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A maternal serum metabolite ratio predicts fetal growth restriction at term


Fetal growth restriction (FGR) is the major single cause of stillbirth1 and is also associated with neonatal morbidity and mortality2,3, impaired health and educational achievement in childhood4,5 and with a range of diseases in later life6. Effective screening and intervention for FGR is an unmet clinical need. Here, we performed ultrahigh performance liquid chromatography–tandem mass spectroscopy (UPLC–MS/MS) metabolomics on maternal serum at 12, 20 and 28 weeks of gestational age (wkGA) using 175 cases of term FGR and 299 controls from the Pregnancy Outcome Prediction (POP) study, conducted in Cambridge, UK, to identify predictive metabolites. Internal validation using 36 wkGA samples demonstrated that a ratio of the products of the relative concentrations of two positively associated metabolites (1-(1-enyl-stearoyl)-2-oleoyl-GPC (P-18:0/18:1) and 1,5-anhydroglucitol) to the product of the relative concentrations of two negatively associated metabolites (5α-androstan-3α,17α-diol disulfate and N1,N12-diacetylspermine) predicted FGR at term. The ratio had approximately double the discrimination as compared to a previously developed angiogenic biomarker7, the soluble fms-like tyrosine kinase 1:placental growth factor (sFLT1:PlGF) ratio (AUC 0.78 versus 0.64, P = 0.0001). We validated the predictive performance of the metabolite ratio in two sub-samples of a demographically dissimilar cohort, Born in Bradford (BiB), conducted in Bradford, UK (P = 0.0002). Screening and intervention using this metabolite ratio in conjunction with ultrasonic imaging at around 36 wkGA could plausibly prevent adverse events through enhanced fetal monitoring and targeted induction of labor.

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Fig. 1: Levels of predictive metabolites at four gestational time points.
Fig. 2: Receiver operating characteristic curve analyses for the prediction of fetal growth restriction.

Data availability

Source data for Figs. 1,2 and Extended Data Figs. 2,5,6,7 are available online. As the individual patient data contain confidential information, it can be supplied only in an anonymized format to suitably qualified researchers who can make appropriate institutional commitments relating to data security and confidentiality. Data requests should be addressed to U.S. or G.C.S.S.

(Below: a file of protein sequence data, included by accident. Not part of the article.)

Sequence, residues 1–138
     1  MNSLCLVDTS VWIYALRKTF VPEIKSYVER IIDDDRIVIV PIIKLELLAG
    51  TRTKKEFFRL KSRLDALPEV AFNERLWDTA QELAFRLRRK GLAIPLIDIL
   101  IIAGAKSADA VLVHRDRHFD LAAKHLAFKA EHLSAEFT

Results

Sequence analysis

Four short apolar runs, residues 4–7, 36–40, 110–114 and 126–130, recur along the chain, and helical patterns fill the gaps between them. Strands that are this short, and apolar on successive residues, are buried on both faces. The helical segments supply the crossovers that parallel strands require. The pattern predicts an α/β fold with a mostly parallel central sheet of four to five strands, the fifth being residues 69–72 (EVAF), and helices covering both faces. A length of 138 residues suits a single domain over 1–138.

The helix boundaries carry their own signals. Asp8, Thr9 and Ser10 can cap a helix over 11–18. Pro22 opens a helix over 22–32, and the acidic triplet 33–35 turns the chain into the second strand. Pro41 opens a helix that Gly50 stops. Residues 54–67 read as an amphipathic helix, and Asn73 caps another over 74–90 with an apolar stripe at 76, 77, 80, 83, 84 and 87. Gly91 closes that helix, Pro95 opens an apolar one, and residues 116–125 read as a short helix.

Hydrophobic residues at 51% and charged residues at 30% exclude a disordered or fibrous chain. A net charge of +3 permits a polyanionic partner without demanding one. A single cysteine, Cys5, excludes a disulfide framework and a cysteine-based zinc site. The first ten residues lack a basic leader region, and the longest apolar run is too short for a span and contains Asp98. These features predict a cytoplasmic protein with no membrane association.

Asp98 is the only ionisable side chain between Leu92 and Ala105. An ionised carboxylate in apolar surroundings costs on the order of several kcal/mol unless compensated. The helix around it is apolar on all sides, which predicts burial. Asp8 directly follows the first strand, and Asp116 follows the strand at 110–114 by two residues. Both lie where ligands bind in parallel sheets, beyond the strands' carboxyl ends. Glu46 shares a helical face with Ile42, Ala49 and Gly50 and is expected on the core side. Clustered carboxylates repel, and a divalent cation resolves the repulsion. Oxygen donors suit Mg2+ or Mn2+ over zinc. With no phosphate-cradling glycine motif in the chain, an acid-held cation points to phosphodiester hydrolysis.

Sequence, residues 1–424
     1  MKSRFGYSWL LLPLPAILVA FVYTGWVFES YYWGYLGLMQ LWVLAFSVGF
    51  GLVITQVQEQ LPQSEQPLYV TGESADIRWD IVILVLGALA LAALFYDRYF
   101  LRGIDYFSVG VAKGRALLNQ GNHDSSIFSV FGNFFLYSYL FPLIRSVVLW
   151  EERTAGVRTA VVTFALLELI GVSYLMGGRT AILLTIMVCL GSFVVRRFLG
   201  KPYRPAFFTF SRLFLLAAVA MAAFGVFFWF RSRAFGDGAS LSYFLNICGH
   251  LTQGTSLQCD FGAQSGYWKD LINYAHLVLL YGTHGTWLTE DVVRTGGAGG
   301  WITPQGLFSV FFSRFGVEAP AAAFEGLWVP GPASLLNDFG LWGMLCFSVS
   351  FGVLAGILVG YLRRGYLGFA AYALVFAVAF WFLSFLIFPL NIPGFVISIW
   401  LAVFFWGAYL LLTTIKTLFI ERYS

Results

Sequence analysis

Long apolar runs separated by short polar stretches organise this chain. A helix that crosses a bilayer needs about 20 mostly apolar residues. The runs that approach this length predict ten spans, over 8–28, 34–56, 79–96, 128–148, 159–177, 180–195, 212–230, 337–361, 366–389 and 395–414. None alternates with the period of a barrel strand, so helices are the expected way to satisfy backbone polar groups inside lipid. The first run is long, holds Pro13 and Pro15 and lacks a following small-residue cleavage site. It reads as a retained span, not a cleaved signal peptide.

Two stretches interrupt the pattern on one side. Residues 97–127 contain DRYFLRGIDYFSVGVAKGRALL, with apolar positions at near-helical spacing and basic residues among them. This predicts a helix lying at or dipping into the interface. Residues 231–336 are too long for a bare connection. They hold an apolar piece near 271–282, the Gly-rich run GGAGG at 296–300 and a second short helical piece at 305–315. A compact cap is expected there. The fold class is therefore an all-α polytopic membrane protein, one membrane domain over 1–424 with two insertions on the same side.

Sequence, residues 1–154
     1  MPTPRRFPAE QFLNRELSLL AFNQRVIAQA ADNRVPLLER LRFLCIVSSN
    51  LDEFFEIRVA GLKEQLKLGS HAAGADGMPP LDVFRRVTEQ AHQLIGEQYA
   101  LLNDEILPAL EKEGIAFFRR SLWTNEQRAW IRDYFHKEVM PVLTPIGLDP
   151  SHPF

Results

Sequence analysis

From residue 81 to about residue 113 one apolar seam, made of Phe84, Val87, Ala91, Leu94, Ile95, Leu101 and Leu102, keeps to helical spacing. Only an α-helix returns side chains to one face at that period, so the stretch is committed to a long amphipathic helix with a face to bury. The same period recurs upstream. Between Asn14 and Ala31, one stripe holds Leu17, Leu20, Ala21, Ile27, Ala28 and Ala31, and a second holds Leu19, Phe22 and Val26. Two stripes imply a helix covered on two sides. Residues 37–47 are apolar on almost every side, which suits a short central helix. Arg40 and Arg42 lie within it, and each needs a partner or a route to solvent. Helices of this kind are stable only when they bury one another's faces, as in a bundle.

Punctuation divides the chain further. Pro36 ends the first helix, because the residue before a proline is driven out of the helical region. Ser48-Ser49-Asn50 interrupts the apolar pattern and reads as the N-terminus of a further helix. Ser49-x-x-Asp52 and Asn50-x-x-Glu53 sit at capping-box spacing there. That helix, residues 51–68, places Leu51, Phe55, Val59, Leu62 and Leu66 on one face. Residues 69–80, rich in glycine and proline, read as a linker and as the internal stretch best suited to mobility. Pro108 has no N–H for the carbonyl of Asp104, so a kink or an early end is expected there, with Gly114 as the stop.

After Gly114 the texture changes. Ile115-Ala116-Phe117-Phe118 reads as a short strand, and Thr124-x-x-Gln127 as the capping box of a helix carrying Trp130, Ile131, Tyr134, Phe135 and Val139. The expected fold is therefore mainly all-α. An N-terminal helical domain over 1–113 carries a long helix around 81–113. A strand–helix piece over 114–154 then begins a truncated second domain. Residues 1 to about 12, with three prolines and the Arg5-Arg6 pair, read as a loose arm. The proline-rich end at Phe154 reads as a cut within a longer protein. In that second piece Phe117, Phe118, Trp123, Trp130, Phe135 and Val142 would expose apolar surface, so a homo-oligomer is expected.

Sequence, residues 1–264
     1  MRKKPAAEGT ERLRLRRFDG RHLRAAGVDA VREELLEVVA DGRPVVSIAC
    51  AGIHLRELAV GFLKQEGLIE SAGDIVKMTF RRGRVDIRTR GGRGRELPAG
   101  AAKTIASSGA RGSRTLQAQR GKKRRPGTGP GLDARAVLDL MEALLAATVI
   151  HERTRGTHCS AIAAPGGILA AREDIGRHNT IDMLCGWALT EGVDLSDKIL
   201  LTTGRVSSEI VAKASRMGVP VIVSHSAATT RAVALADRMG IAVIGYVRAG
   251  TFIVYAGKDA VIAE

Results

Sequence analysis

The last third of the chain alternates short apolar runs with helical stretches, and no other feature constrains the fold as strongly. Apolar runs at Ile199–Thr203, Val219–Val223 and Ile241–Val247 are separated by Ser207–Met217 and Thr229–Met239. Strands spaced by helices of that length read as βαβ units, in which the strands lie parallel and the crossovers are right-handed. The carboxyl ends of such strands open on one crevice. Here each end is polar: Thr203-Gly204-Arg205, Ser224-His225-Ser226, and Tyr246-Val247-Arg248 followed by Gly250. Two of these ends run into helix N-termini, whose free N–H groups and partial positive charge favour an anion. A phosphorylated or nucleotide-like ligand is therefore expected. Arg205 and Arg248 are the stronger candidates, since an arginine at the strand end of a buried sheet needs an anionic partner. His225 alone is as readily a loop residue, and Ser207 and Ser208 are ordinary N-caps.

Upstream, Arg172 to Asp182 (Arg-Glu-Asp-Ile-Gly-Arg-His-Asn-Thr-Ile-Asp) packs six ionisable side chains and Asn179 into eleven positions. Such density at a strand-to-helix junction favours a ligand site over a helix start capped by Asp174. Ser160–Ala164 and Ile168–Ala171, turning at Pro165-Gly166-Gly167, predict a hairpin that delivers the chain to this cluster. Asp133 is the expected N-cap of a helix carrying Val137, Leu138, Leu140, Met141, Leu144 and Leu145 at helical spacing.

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The work was supported by the National Institute for Health Research (NIHR) Cambridge Biomedical Research Centre (Women’s Health theme), the Medical Research Council (MRC) (G1100221 to G.C.S.S. and D.S.C.-J. and MR/N024397/1 to D.A.L.), the Wellcome Trust (WT101597MA), National Institutes of Health (R01 DK10324), the European Research Council (669545), and the NIHR Biomedical Centre at the University Hospitals Bristol NHS Foundation Trust and the University of Bristol (Reproductive and Perinatal Health theme), which funds N.M.’s PhD studentship. N.G., N.M. and D.A.L. work in a unit that receives support from the MRC (MC_UU_00011/6) and University of Bristol. The funders did not have any role in the design, analysis or preparation of the manuscript for publication. We are grateful to the participants in the POP and BiB studies and staff who recruited and assessed these participants. We thank L. Bibby, S. Ranawaka, K. Holmes, J. Gill and R. Millar for technical assistance.

Author information

Authors and Affiliations



G.C.S.S. had the original idea. G.C.S.S., D.S.C.-J. and D.A.L. designed the experiments. U.S. and G.C.S.S. conceived the analysis. N.G., N.M. and U.S. conducted the analysis. E.C., F.G. and D.S.C.-J. conducted the laboratory work. U.S. and G.C.S.S. drafted the initial version of the manuscript. All authors have seen and approved the final version of the manuscript.

Corresponding author

Correspondence to Ulla Sovio.

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Competing interests

Direct: Cambridge Enterprise (UK) have filed a patent relating to the associations described in this paper with U.S., D.S.C.-J. and G.C.S.S. as the named inventors. Indirect: G.C.S.S. reports research support in kind from GE Healthcare and Roche, and financial support of research from GlaxoSmithKline (GSK) and Sera Prognostics. G.C.S.S. has been paid to attend advisory boards by GSK and Roche. G.C.S.S. has acted as a paid consultant to GSK and is a member of a Data Safety and Monitoring Committee for a GSK vaccine trial. D.A.L. has received support in kind from Roche Diagnostics and Medtronic Ltd.

Additional information

Peer review information Michael Basson was the primary editor on this article and managed its editorial process and peer review in collaboration with the rest of the editorial team.

Publisher’s note Springer Nature remains neutral with regard to jurisdictional claims in published maps and institutional affiliations.

Extended data